So what are the dimensions of shipping containers? Luckily, there are many different options. In addition to the standard containers outlined above, there are also:
- High cube containers
- Open-top containers
- Open-side containers
- Refrigerated containers
High Cube Containers
High cube containers are longer and taller than the standard options. They are 8 feet 10 inches tall and 40 or 45 feet long. The width is the same as the standard, so they still fit on trains and boats. Their height makes it harder to stack things during transit, but you can still stack them for storage.
Open-top containers have the same dimensions as the standard options, but there’s no lid. You can use a crane to easily load these containers from above, though there’s still a door.
If you need an open-top container for loading reasons but still want to use it for storage or transportation, you can put a tarp on top or even get a hard top for the 20-foot option.
Open-side containers have doors that fold down and allow you complete interior access. It’s easy to load this container with goods or boxes that stay in place. You can open all doors to give multiple people loading access and then close the doors when the container is full.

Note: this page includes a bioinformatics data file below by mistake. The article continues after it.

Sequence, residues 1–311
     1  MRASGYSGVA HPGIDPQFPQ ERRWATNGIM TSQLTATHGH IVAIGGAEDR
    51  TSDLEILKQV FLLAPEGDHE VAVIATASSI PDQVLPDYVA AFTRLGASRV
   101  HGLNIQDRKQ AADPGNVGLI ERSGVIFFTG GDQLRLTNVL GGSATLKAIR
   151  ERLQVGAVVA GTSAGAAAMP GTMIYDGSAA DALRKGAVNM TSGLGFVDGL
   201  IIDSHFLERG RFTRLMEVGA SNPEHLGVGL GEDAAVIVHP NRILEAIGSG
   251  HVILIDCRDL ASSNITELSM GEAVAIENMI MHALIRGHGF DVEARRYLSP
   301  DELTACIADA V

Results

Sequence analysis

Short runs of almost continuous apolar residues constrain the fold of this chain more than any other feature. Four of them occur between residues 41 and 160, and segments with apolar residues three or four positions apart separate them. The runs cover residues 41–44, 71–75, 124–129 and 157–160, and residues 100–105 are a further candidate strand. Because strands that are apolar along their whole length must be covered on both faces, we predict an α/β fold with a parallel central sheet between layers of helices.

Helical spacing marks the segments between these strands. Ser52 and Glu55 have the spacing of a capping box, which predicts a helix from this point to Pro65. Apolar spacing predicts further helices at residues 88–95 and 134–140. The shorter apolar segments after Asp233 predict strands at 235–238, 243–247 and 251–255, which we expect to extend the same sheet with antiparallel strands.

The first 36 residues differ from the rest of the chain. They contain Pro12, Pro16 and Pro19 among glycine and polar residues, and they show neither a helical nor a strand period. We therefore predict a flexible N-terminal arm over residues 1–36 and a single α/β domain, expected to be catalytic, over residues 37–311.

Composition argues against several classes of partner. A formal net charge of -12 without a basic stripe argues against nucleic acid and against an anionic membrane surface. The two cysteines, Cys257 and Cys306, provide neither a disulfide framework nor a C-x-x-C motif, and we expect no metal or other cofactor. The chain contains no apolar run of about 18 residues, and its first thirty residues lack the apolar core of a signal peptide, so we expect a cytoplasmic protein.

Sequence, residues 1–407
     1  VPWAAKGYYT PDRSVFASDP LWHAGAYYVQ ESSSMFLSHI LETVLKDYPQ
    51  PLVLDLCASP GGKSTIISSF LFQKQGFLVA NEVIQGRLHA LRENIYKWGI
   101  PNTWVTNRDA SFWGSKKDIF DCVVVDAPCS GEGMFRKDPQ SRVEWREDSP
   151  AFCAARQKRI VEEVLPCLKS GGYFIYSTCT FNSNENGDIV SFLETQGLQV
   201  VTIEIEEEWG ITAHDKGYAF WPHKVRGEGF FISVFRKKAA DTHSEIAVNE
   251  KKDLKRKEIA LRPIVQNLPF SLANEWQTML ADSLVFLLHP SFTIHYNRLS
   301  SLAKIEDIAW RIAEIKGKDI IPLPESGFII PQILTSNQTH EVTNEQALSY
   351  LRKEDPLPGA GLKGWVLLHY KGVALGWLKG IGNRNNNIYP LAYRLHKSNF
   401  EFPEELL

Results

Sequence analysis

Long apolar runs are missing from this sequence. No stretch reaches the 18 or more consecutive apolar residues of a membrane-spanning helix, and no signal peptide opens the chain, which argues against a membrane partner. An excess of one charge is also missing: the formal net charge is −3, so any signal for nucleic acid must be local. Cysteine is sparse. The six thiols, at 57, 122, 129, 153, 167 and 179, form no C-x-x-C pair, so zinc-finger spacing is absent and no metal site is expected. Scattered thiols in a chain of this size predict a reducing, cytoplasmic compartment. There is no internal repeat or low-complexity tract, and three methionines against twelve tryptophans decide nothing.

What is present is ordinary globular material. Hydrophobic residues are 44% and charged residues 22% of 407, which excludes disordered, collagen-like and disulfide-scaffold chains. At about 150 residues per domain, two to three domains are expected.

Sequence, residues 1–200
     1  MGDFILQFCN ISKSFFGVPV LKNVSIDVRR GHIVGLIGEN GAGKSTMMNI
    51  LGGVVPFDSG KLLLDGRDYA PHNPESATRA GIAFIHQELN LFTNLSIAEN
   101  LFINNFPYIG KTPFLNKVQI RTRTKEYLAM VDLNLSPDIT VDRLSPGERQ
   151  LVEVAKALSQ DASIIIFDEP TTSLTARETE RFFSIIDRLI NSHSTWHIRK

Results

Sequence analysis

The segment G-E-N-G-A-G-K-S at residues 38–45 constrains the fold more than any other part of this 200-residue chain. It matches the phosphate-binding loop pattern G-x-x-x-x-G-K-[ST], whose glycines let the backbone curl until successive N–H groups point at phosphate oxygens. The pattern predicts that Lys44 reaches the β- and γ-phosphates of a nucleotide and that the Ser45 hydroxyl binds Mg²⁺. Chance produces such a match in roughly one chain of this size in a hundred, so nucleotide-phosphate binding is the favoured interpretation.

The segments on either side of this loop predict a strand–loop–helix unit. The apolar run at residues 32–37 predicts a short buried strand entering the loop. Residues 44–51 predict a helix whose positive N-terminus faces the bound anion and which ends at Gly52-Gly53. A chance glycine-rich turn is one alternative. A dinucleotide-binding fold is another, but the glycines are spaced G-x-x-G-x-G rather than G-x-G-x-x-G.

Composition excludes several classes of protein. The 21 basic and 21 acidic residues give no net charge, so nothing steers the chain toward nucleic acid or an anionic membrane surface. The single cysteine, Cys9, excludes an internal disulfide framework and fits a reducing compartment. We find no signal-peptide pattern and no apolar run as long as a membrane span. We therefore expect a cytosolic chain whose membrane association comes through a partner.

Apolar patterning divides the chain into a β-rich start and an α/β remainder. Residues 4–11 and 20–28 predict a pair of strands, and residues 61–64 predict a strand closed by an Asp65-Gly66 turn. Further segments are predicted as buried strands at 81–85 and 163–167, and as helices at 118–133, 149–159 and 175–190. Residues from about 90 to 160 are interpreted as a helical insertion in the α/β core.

Refrigerated containers keep goods cold during transportation. These shipping containers are best for food or pharmaceutical products because you don’t have to worry about them spoiling in the heat.
Flats are shipping containers with collapsible sides. You can fold the sides and drive large machines or cars into the container. The driver has plenty of room to get out before you close up the sides and ship the item.
Tanks are shipping containers made to transport liquids. They’re typically not rectangular, but they have round sections or edges to keep the liquid in place. You might see tanks on the expressway as truckers transport fuel safely.
What Are the Standard Features of Shipping Containers?
Shipping container manufacturers make the structures out of durable steel, making them almost indestructible.
Weathering steel is the most common material used for outdoor metal structures. There’s no need to paint the steel because it’s already a nice reddish brown, helping it stand out without being too shiny or reflective.